The size of a bedroom, the Nolla cabin is perfect for the idyllic holiday. Its design, aside from being highly characteristic, is also comfortable, and sustainable. Named after the Finnish word for zero, the Nolla cabin’s purpose is literally to give you a zero-worry, zero-emission holiday.
Built with a tent-like shape, the Nolla aims at giving you the very same feeling, when sunlight creeps into its interiors through the triangular glass facade on the front. Made entirely from local pine and plywood, the Nolla doesn’t use any fasteners to hold it in place, but rather, pieces together like a massive puzzle. The cabin can be transported and assembled without the need for heavy machinery, and it comes with adjustable pedestals, giving you the freedom to set the Nolla up on any sort of terrain.
With its small, wood-themed interior space, the Nolla forces you to pack less when you travel (less luggage, less waste), and focus more on the beautiful, contemplative environment around it rather than anything else. Running entirely on solar panels, the Nolla maintains a zero carbon footprint. It comes with two beds, a table, and a stove that runs on renewable diesel made entirely from waste. In fact, the boat that takes you to the Nolla cabin in Vallisaari from Helsinki runs on renewable diesel too!
Amanda Taub and Max Fisher, reporting for The New York Times:
Karsten Müller and Carlo Schwarz, researchers at the University of
Warwick, scrutinized every anti-refugee attack in Germany, 3,335
in all, over a two-year span. In each, they analyzed the local
community by any variable that seemed relevant. Wealth.
Demographics. Support for far-right politics. Newspaper sales.
Number of refugees. History of hate crime. Number of protests.
One thing stuck out. Towns where Facebook use was higher than
average, like Altena, reliably experienced more attacks on
refugees. That held true in virtually any sort of community — big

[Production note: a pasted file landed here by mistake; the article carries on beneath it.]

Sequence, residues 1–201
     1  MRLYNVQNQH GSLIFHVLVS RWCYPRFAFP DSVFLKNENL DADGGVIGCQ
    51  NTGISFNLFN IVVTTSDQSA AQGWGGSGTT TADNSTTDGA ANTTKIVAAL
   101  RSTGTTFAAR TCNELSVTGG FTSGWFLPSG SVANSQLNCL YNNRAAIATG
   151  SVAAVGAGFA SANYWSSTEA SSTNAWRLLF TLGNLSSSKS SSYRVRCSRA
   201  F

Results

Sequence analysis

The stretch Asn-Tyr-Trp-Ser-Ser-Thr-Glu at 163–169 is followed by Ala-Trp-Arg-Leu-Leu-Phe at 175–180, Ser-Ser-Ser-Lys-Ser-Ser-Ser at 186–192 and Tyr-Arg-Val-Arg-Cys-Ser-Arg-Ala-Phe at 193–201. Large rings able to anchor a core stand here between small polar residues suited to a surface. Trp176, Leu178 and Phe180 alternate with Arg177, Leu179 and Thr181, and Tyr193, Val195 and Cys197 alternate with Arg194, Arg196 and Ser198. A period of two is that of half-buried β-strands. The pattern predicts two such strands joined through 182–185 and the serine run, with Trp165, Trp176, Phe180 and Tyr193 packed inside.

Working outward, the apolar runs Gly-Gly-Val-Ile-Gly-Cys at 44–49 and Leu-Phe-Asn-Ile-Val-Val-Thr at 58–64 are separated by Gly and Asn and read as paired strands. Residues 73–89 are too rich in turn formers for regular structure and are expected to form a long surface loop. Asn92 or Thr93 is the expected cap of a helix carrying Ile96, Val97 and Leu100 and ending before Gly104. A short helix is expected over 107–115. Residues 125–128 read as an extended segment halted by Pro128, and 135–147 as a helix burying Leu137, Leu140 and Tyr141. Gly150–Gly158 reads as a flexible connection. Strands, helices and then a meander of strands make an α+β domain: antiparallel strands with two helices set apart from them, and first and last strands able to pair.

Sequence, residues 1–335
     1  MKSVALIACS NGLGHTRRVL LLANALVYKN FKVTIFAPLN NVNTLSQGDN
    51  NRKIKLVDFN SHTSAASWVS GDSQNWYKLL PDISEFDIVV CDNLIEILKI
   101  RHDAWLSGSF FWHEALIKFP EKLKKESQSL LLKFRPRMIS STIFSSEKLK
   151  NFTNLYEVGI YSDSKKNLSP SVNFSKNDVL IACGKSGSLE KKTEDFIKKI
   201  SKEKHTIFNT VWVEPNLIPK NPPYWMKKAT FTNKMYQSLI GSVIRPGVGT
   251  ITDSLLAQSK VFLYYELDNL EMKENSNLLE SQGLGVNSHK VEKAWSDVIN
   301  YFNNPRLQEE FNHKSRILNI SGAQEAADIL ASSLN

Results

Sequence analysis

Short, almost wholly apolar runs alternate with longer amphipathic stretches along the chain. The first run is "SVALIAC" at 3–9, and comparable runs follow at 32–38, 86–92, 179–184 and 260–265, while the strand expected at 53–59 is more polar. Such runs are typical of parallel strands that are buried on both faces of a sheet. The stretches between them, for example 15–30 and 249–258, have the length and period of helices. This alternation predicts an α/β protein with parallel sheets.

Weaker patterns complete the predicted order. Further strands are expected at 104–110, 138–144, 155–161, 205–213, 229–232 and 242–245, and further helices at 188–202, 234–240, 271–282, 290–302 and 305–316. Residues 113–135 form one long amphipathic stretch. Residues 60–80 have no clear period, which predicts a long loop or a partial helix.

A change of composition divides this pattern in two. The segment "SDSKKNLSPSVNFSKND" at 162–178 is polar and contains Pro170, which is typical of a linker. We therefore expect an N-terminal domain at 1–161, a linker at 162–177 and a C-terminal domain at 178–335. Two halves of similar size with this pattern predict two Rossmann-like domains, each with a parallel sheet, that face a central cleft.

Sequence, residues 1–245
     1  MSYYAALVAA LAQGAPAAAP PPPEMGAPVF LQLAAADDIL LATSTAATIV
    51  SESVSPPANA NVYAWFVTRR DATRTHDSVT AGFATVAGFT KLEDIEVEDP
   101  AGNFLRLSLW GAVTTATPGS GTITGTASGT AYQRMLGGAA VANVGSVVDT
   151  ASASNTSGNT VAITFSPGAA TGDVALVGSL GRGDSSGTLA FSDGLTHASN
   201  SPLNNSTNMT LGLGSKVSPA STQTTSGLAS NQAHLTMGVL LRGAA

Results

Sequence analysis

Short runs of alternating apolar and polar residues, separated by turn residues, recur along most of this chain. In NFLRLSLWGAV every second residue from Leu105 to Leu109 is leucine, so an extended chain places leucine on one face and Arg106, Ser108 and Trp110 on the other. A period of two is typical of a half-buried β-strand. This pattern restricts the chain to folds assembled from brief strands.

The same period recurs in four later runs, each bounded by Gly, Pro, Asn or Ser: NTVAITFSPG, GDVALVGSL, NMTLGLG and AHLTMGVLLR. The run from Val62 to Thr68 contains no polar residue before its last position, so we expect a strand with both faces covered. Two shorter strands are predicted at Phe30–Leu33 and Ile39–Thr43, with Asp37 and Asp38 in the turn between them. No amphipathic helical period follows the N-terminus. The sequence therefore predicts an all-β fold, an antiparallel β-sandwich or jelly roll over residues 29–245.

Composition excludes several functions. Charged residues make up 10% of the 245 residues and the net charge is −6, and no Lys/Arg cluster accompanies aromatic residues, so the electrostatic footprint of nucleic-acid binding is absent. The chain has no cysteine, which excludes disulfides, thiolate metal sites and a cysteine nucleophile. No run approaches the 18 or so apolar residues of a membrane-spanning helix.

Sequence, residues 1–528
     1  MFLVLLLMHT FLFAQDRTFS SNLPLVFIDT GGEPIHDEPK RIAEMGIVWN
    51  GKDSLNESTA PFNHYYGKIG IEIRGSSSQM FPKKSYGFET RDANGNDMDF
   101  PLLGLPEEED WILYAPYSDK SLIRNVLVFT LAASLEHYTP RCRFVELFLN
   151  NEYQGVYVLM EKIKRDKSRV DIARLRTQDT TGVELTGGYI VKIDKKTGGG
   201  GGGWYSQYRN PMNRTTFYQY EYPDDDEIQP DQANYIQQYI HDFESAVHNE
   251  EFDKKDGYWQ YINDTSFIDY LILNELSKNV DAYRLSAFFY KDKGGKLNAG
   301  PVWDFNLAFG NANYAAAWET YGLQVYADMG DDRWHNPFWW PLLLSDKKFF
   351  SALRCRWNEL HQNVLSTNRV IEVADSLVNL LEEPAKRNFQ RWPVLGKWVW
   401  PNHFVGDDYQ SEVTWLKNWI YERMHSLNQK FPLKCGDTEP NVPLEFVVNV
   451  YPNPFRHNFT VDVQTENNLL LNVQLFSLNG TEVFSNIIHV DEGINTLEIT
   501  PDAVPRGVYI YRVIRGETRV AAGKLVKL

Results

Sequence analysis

city or small town; affluent or struggling; liberal haven or
far-right stronghold — suggesting that the link applies
Their reams of data converged on a breathtaking statistic:
Wherever per-person Facebook use rose to one standard deviation
above the national average, attacks on refugees increased by about
And the effect apparently works the other way, too:
Could Facebook really distort social relations to the point of
violence? The University of Warwick researchers tested their
findings by examining every sustained internet outage in their
study window. German internet infrastructure tends to be
localized, making outages isolated but common. Sure enough,
whenever internet access went down in an area with high Facebook
use, attacks on refugees dropped significantly.
Chances are, whether you’re a designer or not, you’ll have seen Theo Jansen’s massive kinetic sculptures walking across a beach in BMW’s advertisement. Titled the Strandbeest, these incredible automata gracefully walk across land using wind as their driving force, as they move, much like animals do, using large wooden legs in a graceful fashion. The Strandbeest was one of the reasons I fell in love with industrial design, and the fact that you can build your own miniature versions today is giving me major nostalgic feels!
The Heyzlass Mini Strandbeest is a miniature replication of Jansen’s large, hulking creature. Made out of plastic and built to be a spitting image of the original, the Mini Strandbeest comes with a fan at one end that catches the wind, propelling the legs to move in their cyclical fashion and have the entire toy gently sashay across a flat surface. Made from 117 separate parts that don’t need any special tools to assemble, the Mini Strandbeest can be built in just around 90 minutes, which is well worth the endless hours of joy you’ll get from observing one of the most fascinating mechanical actions of all time!